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In much the same way that heavy-handed techniques can remove the surface of stone, considerable quantities of the surface of period brickwork can also be removed. Here, deep scour marks run from brick to brick along the mouldings and there is a general loss of sculpted quality.

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As a sedimentary rock, limestone which has been cleaned often mirrors the defects created on cleaned sandstone. A general opening up of the natural stratification can produce a blurred and uneven surface, disturbing the once clean lines of fine mouldings. The textured surface is liable to hold a greater degree of water and airborne particles and assists more rapid resoiling.

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The wide variations that occur in the mineral content of the different sandstones are often ignored when cleaning is proposed. It frequently comes as a surprise to discover that these factors then manifest themselves after chemical cleaning has been carried out. Not infrequently, this is compounded by efflorescence from the cleaning residue,  seen here as wavy white lines under the pediment mouldings.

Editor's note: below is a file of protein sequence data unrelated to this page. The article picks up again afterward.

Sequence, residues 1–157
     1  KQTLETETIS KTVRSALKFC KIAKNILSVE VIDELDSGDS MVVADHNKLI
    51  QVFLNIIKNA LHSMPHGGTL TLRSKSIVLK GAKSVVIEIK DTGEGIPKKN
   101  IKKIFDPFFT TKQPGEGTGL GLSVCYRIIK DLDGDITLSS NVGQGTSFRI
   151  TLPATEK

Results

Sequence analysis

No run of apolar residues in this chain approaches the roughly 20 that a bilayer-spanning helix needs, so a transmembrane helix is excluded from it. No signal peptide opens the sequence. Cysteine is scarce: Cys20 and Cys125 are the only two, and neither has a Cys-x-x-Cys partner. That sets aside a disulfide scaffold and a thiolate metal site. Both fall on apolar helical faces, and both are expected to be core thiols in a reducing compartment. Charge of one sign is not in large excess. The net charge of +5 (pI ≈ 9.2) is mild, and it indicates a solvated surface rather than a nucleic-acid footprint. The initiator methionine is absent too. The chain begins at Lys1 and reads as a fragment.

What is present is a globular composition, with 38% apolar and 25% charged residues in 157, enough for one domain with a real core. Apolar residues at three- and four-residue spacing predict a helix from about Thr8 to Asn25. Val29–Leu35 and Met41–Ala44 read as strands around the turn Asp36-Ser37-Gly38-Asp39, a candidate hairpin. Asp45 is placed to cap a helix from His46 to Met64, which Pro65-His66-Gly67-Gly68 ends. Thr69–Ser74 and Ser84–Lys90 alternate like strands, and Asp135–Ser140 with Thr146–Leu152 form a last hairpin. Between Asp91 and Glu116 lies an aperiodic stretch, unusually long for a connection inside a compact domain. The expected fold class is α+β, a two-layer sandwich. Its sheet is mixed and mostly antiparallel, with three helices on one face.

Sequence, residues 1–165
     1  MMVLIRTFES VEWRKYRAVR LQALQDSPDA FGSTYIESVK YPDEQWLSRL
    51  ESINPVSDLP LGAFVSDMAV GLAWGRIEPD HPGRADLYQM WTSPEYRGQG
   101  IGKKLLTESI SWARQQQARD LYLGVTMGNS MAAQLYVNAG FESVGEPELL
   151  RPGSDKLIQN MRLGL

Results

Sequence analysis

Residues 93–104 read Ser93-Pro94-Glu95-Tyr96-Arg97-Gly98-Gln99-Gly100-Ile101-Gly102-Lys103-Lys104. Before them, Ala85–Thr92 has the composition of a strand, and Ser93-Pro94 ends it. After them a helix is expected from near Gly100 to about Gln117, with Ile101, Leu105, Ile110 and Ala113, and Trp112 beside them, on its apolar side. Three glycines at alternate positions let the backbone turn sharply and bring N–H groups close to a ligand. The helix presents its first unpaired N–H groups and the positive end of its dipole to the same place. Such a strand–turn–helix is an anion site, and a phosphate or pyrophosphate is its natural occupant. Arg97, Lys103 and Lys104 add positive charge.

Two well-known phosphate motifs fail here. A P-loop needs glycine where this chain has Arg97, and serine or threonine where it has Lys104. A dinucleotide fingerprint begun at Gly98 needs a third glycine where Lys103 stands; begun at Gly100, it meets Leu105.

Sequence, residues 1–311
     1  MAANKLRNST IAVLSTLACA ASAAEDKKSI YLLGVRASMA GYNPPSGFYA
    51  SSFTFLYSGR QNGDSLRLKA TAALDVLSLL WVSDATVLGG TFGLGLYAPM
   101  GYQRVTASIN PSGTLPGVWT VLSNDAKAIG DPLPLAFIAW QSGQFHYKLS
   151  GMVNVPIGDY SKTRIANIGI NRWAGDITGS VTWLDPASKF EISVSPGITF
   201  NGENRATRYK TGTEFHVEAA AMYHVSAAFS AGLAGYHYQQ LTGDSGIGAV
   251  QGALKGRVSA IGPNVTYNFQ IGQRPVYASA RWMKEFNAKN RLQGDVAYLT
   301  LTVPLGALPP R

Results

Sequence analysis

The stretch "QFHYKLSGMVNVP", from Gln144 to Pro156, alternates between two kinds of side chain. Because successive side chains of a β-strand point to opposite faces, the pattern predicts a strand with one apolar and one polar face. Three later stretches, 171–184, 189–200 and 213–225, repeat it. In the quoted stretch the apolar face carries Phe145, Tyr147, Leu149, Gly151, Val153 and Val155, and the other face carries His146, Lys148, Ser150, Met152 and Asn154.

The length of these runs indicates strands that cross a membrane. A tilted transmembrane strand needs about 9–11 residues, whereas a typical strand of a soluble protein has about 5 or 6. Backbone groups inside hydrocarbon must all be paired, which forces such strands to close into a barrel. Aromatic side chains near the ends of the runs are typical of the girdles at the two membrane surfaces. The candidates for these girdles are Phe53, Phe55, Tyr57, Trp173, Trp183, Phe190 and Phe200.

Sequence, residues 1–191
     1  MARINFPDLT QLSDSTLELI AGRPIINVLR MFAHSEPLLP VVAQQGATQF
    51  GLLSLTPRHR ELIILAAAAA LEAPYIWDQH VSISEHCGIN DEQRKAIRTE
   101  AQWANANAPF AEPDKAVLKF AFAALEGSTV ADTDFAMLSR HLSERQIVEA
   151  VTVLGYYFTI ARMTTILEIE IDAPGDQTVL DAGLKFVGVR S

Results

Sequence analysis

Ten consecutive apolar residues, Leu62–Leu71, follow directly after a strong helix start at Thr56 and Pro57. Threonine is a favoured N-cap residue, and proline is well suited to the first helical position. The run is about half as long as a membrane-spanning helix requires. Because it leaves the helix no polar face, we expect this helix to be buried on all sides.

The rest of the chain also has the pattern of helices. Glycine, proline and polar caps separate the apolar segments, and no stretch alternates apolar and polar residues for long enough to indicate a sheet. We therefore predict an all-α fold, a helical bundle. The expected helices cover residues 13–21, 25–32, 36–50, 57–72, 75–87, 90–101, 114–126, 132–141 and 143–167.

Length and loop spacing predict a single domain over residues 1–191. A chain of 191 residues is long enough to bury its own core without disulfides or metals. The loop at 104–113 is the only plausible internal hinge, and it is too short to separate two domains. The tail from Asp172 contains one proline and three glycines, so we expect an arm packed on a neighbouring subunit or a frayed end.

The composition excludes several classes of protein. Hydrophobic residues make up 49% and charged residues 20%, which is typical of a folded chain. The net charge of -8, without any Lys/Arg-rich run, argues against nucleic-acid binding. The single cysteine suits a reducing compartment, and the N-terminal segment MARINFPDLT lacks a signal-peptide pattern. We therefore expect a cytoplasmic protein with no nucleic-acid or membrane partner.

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It has been repeatedly shown that cleaned buildings can attract a high level of attention from graffiti artists, tempted by the fresh exposed surface. With the use of highly penetrating aerosol paints, the applied colours can permeate deeply into the stones structure. Where attempts have been made to mask the effect by painting over it, the consequences can be even more complex to remedy.

In particular, insufficient consideration was given to the wide range of natural materials being dealt with and their relative susceptibility to deteriorate as a result. No building is homogeneous in its construction or detail. Materials such as sandstone, limestone, granite, brick and terracotta are liable to be bound by lime mortar. Some may be used in combination, and other factors such as variations in colour, texture, tooling and form are likely to be met. In many, the composition will vary, and different combinations can lead to the interaction of materials, one with the other. Decay may also be present and different patch repairs, with different substances at different times, may further complicate the issue.

A basic difficulty is deciding where to stop. This can lead to a form of facadism, with only the principal elevation being treated. However this approach has one advantageous side-effect: any change that subsequently reveals itself can be compared against the untreated return faces of the same stones at the extremity of the cleaned area.

The type of soiling also needs to be taken into account. In the cleaning debate, soiling is often pre-supposed only to be an external agent, with particulate deposition and reaction resulting from either wet or dry conditions. Damaging crust-formation can be evident on the surface limestone, but the prospect of benign mineral movement occurring from within the body of sandstone is rarely considered.